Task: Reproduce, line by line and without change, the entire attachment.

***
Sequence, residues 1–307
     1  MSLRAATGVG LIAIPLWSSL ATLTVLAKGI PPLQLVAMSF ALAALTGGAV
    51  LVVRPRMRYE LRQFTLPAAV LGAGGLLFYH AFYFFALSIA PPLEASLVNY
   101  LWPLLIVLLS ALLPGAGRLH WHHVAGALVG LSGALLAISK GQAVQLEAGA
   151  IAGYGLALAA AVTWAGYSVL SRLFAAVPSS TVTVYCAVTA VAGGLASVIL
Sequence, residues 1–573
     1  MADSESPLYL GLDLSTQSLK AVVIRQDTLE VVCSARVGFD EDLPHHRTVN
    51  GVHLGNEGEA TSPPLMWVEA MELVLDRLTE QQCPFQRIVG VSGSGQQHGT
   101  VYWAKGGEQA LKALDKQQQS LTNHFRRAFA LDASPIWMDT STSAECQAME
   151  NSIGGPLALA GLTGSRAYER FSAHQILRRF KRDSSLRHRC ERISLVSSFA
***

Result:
Sequence, residues 1–307
     1  MSLRAATGVG LIAIPLWSSL ATLTVLAKGI PPLQLVAMSF ALAALTGGAV
    51  LVVRPRMRYE LRQFTLPAAV LGAGGLLFYH AFYFFALSIA PPLEASLVNY
   101  LWPLLIVLLS ALLPGAGRLH WHHVAGALVG LSGALLAISK GQAVQLEAGA
   151  IAGYGLALAA AVTWAGYSVL SRLFAAVPSS TVTVYCAVTA VAGGLASVIL
Sequence, residues 1–573
     1  MADSESPLYL GLDLSTQSLK AVVIRQDTLE VVCSARVGFD EDLPHHRTVN
    51  GVHLGNEGEA TSPPLMWVEA MELVLDRLTE QQCPFQRIVG VSGSGQQHGT
   101  VYWAKGGEQA LKALDKQQQS LTNHFRRAFA LDASPIWMDT STSAECQAME
   151  NSIGGPLALA GLTGSRAYER FSAHQILRRF KRDSSLRHRC ERISLVSSFA